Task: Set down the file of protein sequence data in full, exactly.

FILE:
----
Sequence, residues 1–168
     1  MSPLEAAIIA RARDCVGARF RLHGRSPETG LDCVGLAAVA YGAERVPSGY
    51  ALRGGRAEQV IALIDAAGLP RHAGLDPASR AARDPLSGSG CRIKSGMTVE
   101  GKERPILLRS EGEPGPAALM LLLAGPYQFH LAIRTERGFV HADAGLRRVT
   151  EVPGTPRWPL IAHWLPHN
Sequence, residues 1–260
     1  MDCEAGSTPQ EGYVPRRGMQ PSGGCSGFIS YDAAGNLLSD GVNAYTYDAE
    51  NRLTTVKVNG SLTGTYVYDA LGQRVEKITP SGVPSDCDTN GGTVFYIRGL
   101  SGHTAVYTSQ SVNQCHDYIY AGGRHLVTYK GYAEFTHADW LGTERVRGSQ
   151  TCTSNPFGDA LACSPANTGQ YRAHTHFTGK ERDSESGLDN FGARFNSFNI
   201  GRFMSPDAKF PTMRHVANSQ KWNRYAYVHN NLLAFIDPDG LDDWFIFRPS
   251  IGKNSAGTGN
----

Sequence, residues 1–168
     1  MSPLEAAIIA RARDCVGARF RLHGRSPETG LDCVGLAAVA YGAERVPSGY
    51  ALRGGRAEQV IALIDAAGLP RHAGLDPASR AARDPLSGSG CRIKSGMTVE
   101  GKERPILLRS EGEPGPAALM LLLAGPYQFH LAIRTERGFV HADAGLRRVT
   151  EVPGTPRWPL IAHWLPHN
Sequence, residues 1–260
     1  MDCEAGSTPQ EGYVPRRGMQ PSGGCSGFIS YDAAGNLLSD GVNAYTYDAE
    51  NRLTTVKVNG SLTGTYVYDA LGQRVEKITP SGVPSDCDTN GGTVFYIRGL
   101  SGHTAVYTSQ SVNQCHDYIY AGGRHLVTYK GYAEFTHADW LGTERVRGSQ
   151  TCTSNPFGDA LACSPANTGQ YRAHTHFTGK ERDSESGLDN FGARFNSFNI
   201  GRFMSPDAKF PTMRHVANSQ KWNRYAYVHN NLLAFIDPDG LDDWFIFRPS
   251  IGKNSAGTGN